Maureen Corrigan’s guilty pleasures

Nancy Keefe Rhodes 10/22/09More articles
(“Washington Post” and NPR commentator Maureen Corrigan pulls the mystery crowd)

Late last month, Maureen Corrigan reviewed Sara Paretsky’s latest V.I. Warshawsky novel, “Hardball,” in the “Book World” section of the “Washington Post” – a review I so admired for its clarity and ability to connect the larger dots that I posted the link on my own Facebook page, adding, “I wish I had written this.”

Corrigan writes that Paretsky, like Barack Obama, first went to Chicago to do community organizing. She cites Paretsky’s note that in the summer of 1966 the future mystery novelist got to watch Martin Luther King, Jr. lead efforts to desegregate Chicago housing and the riots that ensued as whites attacked police for protecting the activists. It was, Paretsky said, “a defining time” for her and now the key to this novel’s mystery. Adding that Paretsky has also used the Warshawsky series to explore phenomena like McCathyism before tackling race in this one, Corrigan explains that she admires Paretsky for “realizing the potential of the home-grown hard-boiled detective genre to investigate the more troubling mysteries at the heart of our national identity.”

Last Thursday at Bird Library, Corrigan said she’s annoyed when she encounters comments that a detective novel is exceptional because it “transcends its genre” when “it’s not a genre that needs transcending.”

Corrigan is critic-in-residence at Georgetown University in Washington, D.C., but the large crowd of fans of all ages who showed up last week for her talk about mystery fiction, “Guilty Pleasures,” likely keep in touch with her work through her books – “Leave Me Alone, I’m Reading,” for example – and through the “Washington Post,” or National Public Radio’s “Fresh Air” – which broadcasts in Central New York on both WAER and WRVO – where she has been book reviewer for twenty years.

Regarding that stint at “Fresh Air,” Corrigan said last Thursday, “Maybe four times a year I can work in a mystery, and every time I get email. ‘Why are you reviewing this junk?’”

Corrigan contended that mysteries are worthwhile for more than their recreation, riveting story plots and serious characters. It’s the subject of mysteries that interests her.

“Mysteries introduced a new subject to literature – they are about thinking.”

Beginning with Edgar Allen Poe’s “Murders in the Rue Morgue” (1841) – Poe called his mysteries “urban shock” stories and “tales of ratiocination” (as opposed to his “tales of terror”) – and Arthur Conan Doyle’s Sherlock Holmes reprise (he returns his character from the dead), “The Hound of the Baskervilles” (1903), Corrigan laid out a case for how this popular fiction has endured as an exploration of epistemology, or a working out of how we know what we think we know. Corrigan noted that Freud was just laying out his own notions of the unconscious at the time “Hound” appeared, with its “great champion of rationality…almost getting sucked into the mire near the end” of a story set in wild, formless landscape.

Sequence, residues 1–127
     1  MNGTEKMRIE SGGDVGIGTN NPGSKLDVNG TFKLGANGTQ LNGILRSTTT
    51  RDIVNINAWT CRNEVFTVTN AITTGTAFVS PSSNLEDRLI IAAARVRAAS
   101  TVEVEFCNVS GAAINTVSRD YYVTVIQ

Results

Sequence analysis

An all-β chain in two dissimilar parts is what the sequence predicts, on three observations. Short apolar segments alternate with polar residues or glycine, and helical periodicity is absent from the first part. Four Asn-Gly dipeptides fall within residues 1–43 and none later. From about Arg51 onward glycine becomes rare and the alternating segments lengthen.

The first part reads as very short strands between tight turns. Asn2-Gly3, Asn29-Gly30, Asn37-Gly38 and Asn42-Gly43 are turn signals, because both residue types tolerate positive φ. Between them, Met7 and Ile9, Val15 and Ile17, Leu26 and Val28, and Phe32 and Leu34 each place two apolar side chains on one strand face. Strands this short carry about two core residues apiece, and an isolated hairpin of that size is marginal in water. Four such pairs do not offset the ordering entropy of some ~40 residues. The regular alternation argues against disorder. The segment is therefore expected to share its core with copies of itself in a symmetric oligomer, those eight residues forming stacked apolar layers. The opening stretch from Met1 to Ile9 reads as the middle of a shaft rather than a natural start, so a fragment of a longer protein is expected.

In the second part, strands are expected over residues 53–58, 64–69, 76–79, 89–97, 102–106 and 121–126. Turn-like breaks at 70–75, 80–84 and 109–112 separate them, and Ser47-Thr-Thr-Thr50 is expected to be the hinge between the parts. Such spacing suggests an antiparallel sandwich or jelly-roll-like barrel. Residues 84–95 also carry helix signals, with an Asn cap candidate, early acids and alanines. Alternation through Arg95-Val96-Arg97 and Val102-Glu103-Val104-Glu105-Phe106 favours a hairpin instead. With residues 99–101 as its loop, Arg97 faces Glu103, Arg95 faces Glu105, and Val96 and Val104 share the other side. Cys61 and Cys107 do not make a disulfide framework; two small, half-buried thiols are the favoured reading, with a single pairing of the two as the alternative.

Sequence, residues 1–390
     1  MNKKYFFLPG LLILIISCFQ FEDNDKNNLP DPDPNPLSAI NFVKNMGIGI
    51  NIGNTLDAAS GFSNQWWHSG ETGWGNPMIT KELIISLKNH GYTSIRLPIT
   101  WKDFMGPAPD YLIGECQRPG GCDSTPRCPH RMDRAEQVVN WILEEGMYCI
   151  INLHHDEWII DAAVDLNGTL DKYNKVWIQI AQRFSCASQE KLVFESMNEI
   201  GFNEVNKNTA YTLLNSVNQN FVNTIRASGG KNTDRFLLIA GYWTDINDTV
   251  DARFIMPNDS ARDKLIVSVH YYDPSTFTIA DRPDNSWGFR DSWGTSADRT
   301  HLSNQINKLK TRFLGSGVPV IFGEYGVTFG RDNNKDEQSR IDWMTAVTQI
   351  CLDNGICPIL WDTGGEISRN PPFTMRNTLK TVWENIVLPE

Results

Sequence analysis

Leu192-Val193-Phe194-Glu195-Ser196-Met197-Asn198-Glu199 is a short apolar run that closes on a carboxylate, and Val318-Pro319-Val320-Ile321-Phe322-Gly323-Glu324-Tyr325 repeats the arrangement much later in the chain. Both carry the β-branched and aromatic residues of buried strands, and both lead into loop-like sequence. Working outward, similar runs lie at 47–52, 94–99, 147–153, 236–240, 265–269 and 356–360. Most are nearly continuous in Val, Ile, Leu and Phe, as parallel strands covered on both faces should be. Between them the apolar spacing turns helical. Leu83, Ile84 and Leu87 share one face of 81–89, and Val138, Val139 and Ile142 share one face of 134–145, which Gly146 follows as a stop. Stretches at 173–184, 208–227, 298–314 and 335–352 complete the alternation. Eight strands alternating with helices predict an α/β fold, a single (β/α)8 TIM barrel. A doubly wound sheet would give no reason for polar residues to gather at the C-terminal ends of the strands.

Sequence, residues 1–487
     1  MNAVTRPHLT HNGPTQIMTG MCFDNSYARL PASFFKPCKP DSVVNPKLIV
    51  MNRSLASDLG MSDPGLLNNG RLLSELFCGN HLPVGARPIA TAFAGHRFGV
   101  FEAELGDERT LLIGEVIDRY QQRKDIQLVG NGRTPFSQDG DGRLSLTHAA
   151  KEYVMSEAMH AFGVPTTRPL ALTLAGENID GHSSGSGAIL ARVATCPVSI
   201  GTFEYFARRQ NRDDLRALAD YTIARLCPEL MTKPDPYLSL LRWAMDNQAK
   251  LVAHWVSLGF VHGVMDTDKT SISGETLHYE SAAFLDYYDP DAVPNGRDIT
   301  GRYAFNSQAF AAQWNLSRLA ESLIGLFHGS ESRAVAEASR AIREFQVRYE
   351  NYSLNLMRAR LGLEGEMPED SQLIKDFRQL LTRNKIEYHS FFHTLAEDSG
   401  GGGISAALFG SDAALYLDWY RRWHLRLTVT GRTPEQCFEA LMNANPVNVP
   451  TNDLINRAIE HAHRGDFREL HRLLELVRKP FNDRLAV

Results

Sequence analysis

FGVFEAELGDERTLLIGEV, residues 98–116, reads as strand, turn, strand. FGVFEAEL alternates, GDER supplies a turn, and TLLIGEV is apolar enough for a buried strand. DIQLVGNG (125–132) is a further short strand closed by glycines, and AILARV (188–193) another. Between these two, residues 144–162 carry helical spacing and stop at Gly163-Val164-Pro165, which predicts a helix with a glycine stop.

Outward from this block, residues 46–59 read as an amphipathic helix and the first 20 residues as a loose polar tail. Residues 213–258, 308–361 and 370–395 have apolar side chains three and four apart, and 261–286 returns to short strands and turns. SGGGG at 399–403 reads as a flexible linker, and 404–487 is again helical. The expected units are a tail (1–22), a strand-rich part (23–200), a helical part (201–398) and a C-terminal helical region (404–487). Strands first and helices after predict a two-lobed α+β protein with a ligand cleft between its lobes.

Paretsky’s “Hardball,” on the other hand, descends from the U.S. contribution of the “gallows, guns and guts” school of Dashiell Hammet, Raymond Chandler and Mickey Spillane.

“I fell in love with the ‘hard-boiled’ tradition to avoid my dissertation about 19th century social critics,” Corrigan said. “Someone gave me a copy of Hammet’s ‘Red Harvest’ and the jacket said it was about labor unions. My dad had been a shop steward and I was feeling alienated at [the University of] Penn. I began to feel that what his ‘Continental op’ – an op is slang for detective – investigated was not all that different than what Carlyle and Ruskin did – alienation, class tensions and, as Chandler’s Philip Marlowe said, ‘a world gone wrong.’”

Corrigan said these mysteries go further than complaint, unexpectedly offering a utopian vision of what real and dignified work could be.

“We’d all like to call the shots,” she said. “Dictate the terms, do something that’s satisfying, say when it’s done and, most of all, reunite the head with the hand – combine cerebral and physical labor.”

Corrigan quotes a Hammet character who said, “Liking work makes you want to do it well,” and she noted that half-way through Chandler’s “The Big Sleep” (1925), he’s already solved the case.

“He’s already been paid, but there’s still something else.”

Corrigan touched on post-60s mysteries, especially Robert B. Parker’s Spencer novels, and in taking some questions afterward, listed as women whose work she likes, besides Paretsky, Liza Cody of the Anna Lee series and Lisa Scotteline whose legal thrillers have been compared to John Grisham’s work. Corrigan also follows the Swedish mystery writer Henning Mankell, creator of police inspector Kurt Wallander. Asked how she chooses those four mysteries a year for “Fresh Air,” Corrigan said, “I’m looking for ambition. I take my mysteries seriously.”

Corrigan is working on a book about the literary landscape in 1930s New York City.

This article appears in the 10/22/09 issue of the Syracuse City Eagle weekly on p. 9. Nancy covers the arts and writes the film column “Make it Snappy.” Reach her at nancykeeferhodes@gmail.com.

TAGS: Maureen Corrigan,Bird Library,Washington Post,NPR commentator,critic-in-residence at Georgetown University,National Public Radio,Fresh Air,mysteries,Nancy Keefe Rhodes
EDITION: The Eagle

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